Known as the Minnesota Mississippi Metagenome Project – M3P for short – this initiative started by Robert Elde, former Dean of the University of Minnesota's College of Biological Sciences (CBS). The inspiration came from genomics guru Craig Venter, who extracted microbial genes from ocean water as a way to explore a new dimension of marine biodiversity and search for unknown organisms with traits beneficial to humans.
Minnesota may not boast an ocean, but we do host the first 600 miles of America’s most-storied river. Put that together with the BTI’s high-throughput genomic screening facilities, and you had a one-of-a-kind education and research experience just waiting to happen. Elde applied for and received $400,000 in federal stimulus money to set up a program designed to teach the mechanics of metagenomics to CBS students, while improving our understanding of the river’s micro-ecosystem. The program began at the University of Minnesota's Itasca Biological Station and Laboratories.
The Itasca Research Station is ideal for ecology research because it reveals what Minnesota was like before European settlers arrived and development for agriculture and housing changed the state’s landscape. Over the past 100 years, researchers have visited the field station to study everything from forestry management and animal behavior to limnology and the dynamics within aquatic and terrestrial ecosystems. They have published a total of 925 scientific papers reporting their findings. Research at Itasca reflects advances in ecology driven by molecular biology, genomics, remote sensing and computational biology. M3P is one example.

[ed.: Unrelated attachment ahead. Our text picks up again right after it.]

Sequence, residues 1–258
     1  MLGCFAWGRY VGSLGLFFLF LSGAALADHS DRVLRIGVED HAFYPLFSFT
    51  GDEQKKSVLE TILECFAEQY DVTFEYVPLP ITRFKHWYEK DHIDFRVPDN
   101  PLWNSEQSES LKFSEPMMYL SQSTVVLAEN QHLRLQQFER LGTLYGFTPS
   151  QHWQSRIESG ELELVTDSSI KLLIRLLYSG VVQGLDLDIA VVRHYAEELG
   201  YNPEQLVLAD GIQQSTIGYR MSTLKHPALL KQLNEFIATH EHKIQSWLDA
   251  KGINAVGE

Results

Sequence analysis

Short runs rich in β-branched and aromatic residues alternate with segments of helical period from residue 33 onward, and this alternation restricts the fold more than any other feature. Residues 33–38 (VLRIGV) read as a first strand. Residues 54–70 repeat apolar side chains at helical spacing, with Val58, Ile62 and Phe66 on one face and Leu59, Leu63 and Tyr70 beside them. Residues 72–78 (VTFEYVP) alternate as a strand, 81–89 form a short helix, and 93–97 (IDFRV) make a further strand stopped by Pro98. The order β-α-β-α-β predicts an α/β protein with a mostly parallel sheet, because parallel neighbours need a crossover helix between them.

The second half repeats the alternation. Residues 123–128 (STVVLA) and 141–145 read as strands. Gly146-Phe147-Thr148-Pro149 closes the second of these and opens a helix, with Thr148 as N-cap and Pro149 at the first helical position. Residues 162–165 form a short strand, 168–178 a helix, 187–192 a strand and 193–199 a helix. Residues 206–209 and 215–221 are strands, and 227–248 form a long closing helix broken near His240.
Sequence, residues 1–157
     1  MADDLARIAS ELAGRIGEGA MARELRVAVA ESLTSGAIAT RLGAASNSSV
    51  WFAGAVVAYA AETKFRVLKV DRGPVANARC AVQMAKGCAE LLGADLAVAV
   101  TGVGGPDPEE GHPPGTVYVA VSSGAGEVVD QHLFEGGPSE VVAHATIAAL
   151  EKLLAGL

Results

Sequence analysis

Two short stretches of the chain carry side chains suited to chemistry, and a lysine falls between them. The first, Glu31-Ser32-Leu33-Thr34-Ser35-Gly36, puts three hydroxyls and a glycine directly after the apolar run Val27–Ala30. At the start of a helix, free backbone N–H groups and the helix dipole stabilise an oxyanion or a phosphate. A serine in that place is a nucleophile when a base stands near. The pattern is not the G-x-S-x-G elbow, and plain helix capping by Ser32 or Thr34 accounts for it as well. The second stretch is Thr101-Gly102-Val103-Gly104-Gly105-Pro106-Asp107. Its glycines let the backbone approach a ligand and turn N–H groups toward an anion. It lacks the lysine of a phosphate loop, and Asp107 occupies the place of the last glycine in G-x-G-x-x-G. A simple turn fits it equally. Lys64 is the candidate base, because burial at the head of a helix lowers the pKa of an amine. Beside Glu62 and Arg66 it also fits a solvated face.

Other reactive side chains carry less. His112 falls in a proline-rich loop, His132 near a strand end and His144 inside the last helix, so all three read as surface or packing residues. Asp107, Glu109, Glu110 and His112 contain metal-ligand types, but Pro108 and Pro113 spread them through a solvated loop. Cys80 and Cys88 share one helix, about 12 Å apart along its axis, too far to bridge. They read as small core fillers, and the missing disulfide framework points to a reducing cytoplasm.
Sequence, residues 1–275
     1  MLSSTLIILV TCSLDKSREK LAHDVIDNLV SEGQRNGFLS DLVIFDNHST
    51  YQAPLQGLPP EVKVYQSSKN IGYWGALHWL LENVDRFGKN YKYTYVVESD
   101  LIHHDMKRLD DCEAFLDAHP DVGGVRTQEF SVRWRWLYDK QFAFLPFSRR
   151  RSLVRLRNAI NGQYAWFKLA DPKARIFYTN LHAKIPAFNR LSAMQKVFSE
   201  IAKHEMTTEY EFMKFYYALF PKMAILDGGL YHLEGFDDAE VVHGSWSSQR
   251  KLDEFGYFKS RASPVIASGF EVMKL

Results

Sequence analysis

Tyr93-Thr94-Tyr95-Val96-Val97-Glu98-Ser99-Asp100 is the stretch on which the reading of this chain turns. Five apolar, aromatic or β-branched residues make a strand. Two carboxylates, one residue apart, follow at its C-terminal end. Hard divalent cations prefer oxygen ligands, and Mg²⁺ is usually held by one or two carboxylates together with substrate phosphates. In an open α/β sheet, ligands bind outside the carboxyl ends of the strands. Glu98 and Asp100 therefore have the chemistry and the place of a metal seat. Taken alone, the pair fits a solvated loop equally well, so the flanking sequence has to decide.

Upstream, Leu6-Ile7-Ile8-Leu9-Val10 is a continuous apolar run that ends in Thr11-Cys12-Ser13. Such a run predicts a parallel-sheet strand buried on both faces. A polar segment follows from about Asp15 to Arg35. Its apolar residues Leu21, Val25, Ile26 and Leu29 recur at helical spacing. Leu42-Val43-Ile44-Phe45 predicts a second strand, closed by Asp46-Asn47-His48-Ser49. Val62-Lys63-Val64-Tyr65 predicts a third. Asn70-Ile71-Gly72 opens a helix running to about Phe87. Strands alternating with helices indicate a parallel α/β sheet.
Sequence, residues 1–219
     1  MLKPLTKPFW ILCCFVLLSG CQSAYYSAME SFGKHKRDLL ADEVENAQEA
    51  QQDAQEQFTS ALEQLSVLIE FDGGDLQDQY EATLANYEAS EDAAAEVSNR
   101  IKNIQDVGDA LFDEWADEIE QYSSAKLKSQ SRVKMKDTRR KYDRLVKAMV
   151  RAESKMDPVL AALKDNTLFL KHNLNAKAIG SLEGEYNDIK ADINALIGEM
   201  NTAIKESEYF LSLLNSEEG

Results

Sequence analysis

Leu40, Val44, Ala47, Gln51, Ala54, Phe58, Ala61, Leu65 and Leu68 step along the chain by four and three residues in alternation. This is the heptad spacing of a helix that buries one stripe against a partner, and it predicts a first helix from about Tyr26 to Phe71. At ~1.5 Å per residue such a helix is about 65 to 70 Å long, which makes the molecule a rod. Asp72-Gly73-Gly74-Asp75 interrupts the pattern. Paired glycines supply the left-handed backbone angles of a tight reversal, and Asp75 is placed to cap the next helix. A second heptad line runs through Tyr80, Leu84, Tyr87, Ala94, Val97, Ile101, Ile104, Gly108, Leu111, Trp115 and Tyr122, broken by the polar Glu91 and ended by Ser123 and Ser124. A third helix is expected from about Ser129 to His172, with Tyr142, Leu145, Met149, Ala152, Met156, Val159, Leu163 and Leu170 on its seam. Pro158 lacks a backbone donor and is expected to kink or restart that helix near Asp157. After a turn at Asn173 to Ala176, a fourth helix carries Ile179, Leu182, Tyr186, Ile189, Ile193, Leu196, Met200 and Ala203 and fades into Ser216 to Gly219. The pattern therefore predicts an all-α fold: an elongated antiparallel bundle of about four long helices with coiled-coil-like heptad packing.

Our goal is to create a comprehensive database, mapping the DNA of aquatic microorganisms for the entire river starting at the headwaters. The data provide a resource for faculty and students who wish to study the impact of agriculture and other human activities on microbial biodiversity. Nitrogen fertilizers, for example, have wreaked havoc on the aquatic ecosystem at various points along the river from Lake Itasca to the Gulf of Mexico. The data will also yield information about the function of the genes, which may have uses in medicine, industry and environmental clean-up.